Cooperative Marketing in Early 20th Century Southern Appalachia
Join Hart-Melvin Archival Research Fellows Jonathan R. Brown and Hannah McCormick in the Ramsey Center for Regional Studies on Thursday, February 28, 2019 from 3:30-4:30 p.m. for “Unveiling Our Treasures.”
Brown and McCormick will give a glimpse into life in Southern Appalachia and the changing industrial landscape of the United States during the 20th century as they present the research they have done in Mars Hill University’s Southern Appalachian Archives.
Their research has focused on using early 20th century Southern Appalachia as a case study to explore the impact of cooperative marketing and antitrust exemption. Antitrust legislation revolutionized the United States’ approach to industrial organization. However, various exemptions to these antitrust laws were granted in subsequent years.
A look at exemptions granted in the agricultural industry, as well as the arguably inexplicable exemptions given to baseball, provides an insight into life in Southern Appalachia and can serve as an introduction to pricing strategy and basic game theory at the undergraduate level. Professor Brown, with support from McCormick, has produced an article that uses real-world examples from U.S. history as an introduction to the concept of industrial organization for the undergraduate student.
Jonathan R. Brown earned his Ph.D. in economics from Temple University in 2017. During graduate school he taught classes at Temple University, Rutgers University-Camden, Saint Joseph’s University, and the University of North Carolina at Asheville, before taking a full time position as an assistant professor of economics at Mars Hill University in the fall of 2017. In addition to his background in economics, Brown received a certification in digital filmmaking from the New York Film Academy. In his spare time he enjoys woodworking and writing short works of fiction.
Hannah McCormick is a senior at Mars Hill University. During her time at MHU she has been involved in the campus’ Rotaract Club, serving one year as president. She was also awarded the honor of serving as an MHU marshal and is currently president of MHU’s Alpha Chi Honor Society. She expects to graduate from Mars Hill University in May of 2019 with a bachelor’s degree in apparel and interior merchandising and a minor in business administration.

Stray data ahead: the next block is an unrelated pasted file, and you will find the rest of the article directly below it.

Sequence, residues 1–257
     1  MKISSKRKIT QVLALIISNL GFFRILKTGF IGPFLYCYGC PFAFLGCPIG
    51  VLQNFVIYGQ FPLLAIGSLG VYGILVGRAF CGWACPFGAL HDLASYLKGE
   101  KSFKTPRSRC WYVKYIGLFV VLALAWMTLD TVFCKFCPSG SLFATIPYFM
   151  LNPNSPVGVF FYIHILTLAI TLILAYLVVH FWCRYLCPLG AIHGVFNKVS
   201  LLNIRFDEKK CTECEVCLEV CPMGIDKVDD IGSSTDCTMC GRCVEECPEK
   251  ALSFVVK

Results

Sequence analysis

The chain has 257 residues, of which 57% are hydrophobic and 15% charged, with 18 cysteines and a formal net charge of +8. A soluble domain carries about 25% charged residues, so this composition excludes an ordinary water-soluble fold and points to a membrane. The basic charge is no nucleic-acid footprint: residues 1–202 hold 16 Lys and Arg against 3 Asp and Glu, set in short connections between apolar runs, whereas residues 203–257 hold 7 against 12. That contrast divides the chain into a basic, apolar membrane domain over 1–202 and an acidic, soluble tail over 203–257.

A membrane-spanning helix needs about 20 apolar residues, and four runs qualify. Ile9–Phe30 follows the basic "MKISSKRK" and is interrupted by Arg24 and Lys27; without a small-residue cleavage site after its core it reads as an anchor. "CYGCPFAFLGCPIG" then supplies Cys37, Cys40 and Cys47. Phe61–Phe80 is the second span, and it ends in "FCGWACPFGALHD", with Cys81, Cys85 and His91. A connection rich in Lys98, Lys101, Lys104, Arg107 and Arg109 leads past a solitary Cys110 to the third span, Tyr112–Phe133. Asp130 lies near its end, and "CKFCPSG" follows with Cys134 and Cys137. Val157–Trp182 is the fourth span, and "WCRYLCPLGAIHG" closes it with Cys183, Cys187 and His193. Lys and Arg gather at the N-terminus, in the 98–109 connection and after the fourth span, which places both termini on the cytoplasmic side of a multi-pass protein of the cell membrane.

The Hart-Melvin Archival Research Fellowship was named in honor of beloved former Mars Hill faculty members Dr. Virginia Hart and Dr. Robert Melvin. It was made possible by the Mars Hill class of 1960 and the National Endowment for the Humanities. The fellowship supports a faculty-student team each year as they explore the Ramsey Center for Regional Studies’ Southern Appalachian Archives. For more information visit www.mhu.edu.
“Unveiling Our Treasures” is an annual event and is free and open to the public. For directions and parking information, please visit www.mhu.edu/ramsey-center.
About the Liston B. Ramsey Center for Regional Studies
The Ramsey Center offers programs that explore the rich history and culture of Southern Appalachia, houses the Southern Appalachian Archives, and presents the annual Bascom Lamar Lunsford “Minstrel of Appalachia” Festival, which takes place in early October. For more information: (828) 689-1115, firstname.lastname@example.org, www.mhu.edu/ramsey-center.
About Mars Hill University
Mars Hill University is a premier private, liberal arts institution offering over 30 baccalaureate degrees, as well as master’s degrees in criminal justice, elementary education, and management. Founded in 1856 by Baptist families of the region, the campus is located just 20 minutes north of Asheville in the mountains of western North Carolina. The university’s Asheville Center for Adult and Graduate Studies is located on Airport Road in Arden.